You’ve probably heard that the government has announced a moratorium on evictions for the next 6 months. So what does that even mean and where does that leave you as a landlord?!
Basically it means that a landlord can’t kick out a tenant who cannot make rent because they’ve lost their job due to Corona Virus, or through impacts caused either directly or indirectly by Corona Virus, for the next 6 months. It does not mean the tenant can end a tenancy agreement for unrelated issues, or get away with trashing the place on their way out.
Obviously the moratorium doesn’t make things very favourable for you as a landlord. We know that the Covid-19 has impacted people from all walks of life and all income levels, so chances are you’re already doing it tougher than normal. How are you expected to handle this hit too if your tenants decide to cash in on the moratorium offer?
Today I spoke to Clayton at CID Finance, an expert Mortgage Broker, who has assured me that most lenders have some sort of help package if you hit financial hardship. Therefore my suggestion to you is stay calm, don’t stress, and be pro-active in this crazy situation.
First of all, chat to your tenant now, human to human. Find out if they have been impacted in a financial, health or emotional way. See what challenges they are facing and work out if it’s likely they’ll default on their rent payments. If so, talk about reducing their rent for a set period, and even work out a plan to catch up the payments when things return to normal for them financially, or set a time to review the situation. Even if your tenants are not affected now, you could look at putting a contingency plan in place in case they encounter financial difficulty down the road. Just make sure everything is clearly documented and countersigned by both parties. If your property is looked after by a property manager then talk to them. Find out of they have already heard from your tenants or have already put out any general emails about this. The main thing is to make sure you keep up the lines of communication and let the tenant know to talk to you before defaulting on any rent payments. This open, honest communication with your tenant will be appreciated and will most likely pay off in the future.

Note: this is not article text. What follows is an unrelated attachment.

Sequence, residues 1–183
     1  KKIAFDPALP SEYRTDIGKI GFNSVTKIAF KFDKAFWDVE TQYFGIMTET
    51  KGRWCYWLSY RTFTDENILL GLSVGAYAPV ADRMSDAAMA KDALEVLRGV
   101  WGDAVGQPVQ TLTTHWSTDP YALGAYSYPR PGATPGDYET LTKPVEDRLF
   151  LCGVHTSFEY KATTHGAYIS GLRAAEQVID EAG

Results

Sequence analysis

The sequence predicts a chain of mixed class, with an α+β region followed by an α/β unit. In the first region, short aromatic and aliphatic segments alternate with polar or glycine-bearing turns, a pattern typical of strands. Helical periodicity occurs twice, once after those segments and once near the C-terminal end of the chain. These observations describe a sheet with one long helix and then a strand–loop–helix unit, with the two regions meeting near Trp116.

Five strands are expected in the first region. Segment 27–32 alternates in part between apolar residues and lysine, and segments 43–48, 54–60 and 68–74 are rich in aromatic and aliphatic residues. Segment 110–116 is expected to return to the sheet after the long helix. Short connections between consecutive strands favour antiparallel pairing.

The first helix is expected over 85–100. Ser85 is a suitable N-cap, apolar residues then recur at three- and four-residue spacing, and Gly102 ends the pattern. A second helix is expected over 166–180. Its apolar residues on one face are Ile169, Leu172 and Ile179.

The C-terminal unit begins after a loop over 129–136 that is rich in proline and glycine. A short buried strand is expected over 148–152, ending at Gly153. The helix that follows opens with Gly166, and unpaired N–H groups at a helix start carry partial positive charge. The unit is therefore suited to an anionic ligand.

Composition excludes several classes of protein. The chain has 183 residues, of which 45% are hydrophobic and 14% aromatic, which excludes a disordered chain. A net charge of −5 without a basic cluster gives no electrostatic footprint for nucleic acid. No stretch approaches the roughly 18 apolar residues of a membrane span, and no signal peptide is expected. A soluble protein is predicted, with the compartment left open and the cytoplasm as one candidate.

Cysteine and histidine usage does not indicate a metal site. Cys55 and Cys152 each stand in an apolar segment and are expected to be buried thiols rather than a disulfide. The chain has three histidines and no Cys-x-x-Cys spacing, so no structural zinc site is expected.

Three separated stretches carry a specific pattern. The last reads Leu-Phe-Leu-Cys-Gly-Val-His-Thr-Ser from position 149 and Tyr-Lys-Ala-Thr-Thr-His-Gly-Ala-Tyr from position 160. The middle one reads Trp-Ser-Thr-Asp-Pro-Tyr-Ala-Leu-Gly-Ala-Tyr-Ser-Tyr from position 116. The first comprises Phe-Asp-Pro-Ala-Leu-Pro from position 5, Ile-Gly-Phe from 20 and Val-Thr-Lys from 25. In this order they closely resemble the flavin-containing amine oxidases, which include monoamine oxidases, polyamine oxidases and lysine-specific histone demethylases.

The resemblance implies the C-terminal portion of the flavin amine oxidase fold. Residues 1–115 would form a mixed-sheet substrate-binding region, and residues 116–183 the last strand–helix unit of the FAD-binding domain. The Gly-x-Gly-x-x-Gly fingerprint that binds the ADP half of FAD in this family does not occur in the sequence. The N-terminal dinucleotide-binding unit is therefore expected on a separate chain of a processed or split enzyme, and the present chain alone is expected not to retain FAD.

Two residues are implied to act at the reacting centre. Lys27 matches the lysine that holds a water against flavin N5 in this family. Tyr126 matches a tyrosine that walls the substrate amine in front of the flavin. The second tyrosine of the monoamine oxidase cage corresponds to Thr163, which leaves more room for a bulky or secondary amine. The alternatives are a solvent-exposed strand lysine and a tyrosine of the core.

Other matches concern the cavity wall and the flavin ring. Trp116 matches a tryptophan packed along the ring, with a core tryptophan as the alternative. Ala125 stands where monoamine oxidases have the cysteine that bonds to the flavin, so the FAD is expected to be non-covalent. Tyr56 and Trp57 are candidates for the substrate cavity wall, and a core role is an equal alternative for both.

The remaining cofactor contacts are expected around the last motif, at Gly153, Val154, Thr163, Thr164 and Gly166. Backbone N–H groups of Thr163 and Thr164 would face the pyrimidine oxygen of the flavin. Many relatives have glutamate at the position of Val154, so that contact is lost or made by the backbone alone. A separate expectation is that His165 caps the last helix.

If you’re concerned that you’re not going to be able to make your financial obligations, whether it be because the tenant can’t pay the full rent, or you have your income cut, then talk to the financial experts. Go to your bank and see what they can do to help. Most of the banks are offering interest rate cuts, or the option to switch over to an interest only loan for a shirt period of time. Depending on your loan type, you may have a redraw or offset facility you can use. You may be able to take out a supplementary loan using the equity you have in your property to help pull you through.
If you haven’t had your home loans reviewed for a while, now could be the perfect time to look into this. Seek the expertise of a mortgage broker, rather than a bank, for unbiased advice, They will be all over the best deals to suit you and your personal situation. There may be a better loan with another institution that puts you in an a better overall position.
Whatever you decide to do, look into the long term affects any of these things could have on you. Taking out extra loans, not being empathetic of your tenants situation, or pressing pause on repayments now, just to make your feel comfortable, may have a greater negative impact on your financial situation down the track. It would pay to consider where you could cut back costs in other areas too, before making any big loan changes. You don’t want to end up with an empty house and high mortgage repayments in 6 months time because you haven’t thought things through.
***If you are a landlord feeling overwhelmed by the Covid-19 crisis and how it’ll affect your investment property and mortgage, then please reach out to me and I can put you in touch with an expert who will confidentially assess your situation and help you find a solution to suit your needs. ***